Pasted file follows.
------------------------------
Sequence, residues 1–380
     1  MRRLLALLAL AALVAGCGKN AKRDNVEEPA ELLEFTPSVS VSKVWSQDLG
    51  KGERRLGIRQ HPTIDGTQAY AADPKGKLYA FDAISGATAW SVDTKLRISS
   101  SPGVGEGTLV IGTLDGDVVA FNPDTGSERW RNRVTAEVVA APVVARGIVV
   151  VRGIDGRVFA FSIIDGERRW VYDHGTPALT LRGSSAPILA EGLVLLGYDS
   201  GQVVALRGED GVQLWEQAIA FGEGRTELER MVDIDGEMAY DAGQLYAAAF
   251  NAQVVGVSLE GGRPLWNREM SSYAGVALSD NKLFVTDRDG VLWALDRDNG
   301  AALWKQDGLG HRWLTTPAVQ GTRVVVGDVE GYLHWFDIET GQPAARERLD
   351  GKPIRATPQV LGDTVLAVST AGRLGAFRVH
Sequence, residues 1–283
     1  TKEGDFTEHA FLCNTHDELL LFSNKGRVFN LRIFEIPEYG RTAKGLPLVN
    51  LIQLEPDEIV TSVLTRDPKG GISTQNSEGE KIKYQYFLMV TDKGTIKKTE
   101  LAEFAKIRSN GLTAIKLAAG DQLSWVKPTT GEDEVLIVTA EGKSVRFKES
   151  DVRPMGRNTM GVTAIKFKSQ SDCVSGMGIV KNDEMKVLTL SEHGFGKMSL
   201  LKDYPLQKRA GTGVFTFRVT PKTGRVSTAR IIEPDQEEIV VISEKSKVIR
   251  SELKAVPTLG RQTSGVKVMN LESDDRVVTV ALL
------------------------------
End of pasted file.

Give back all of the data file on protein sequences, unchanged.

Sequence, residues 1–380
     1  MRRLLALLAL AALVAGCGKN AKRDNVEEPA ELLEFTPSVS VSKVWSQDLG
    51  KGERRLGIRQ HPTIDGTQAY AADPKGKLYA FDAISGATAW SVDTKLRISS
   101  SPGVGEGTLV IGTLDGDVVA FNPDTGSERW RNRVTAEVVA APVVARGIVV
   151  VRGIDGRVFA FSIIDGERRW VYDHGTPALT LRGSSAPILA EGLVLLGYDS
   201  GQVVALRGED GVQLWEQAIA FGEGRTELER MVDIDGEMAY DAGQLYAAAF
   251  NAQVVGVSLE GGRPLWNREM SSYAGVALSD NKLFVTDRDG VLWALDRDNG
   301  AALWKQDGLG HRWLTTPAVQ GTRVVVGDVE GYLHWFDIET GQPAARERLD
   351  GKPIRATPQV LGDTVLAVST AGRLGAFRVH
Sequence, residues 1–283
     1  TKEGDFTEHA FLCNTHDELL LFSNKGRVFN LRIFEIPEYG RTAKGLPLVN
    51  LIQLEPDEIV TSVLTRDPKG GISTQNSEGE KIKYQYFLMV TDKGTIKKTE
   101  LAEFAKIRSN GLTAIKLAAG DQLSWVKPTT GEDEVLIVTA EGKSVRFKES
   151  DVRPMGRNTM GVTAIKFKSQ SDCVSGMGIV KNDEMKVLTL SEHGFGKMSL
   201  LKDYPLQKRA GTGVFTFRVT PKTGRVSTAR IIEPDQEEIV VISEKSKVIR
   251  SELKAVPTLG RQTSGVKVMN LESDDRVVTV ALL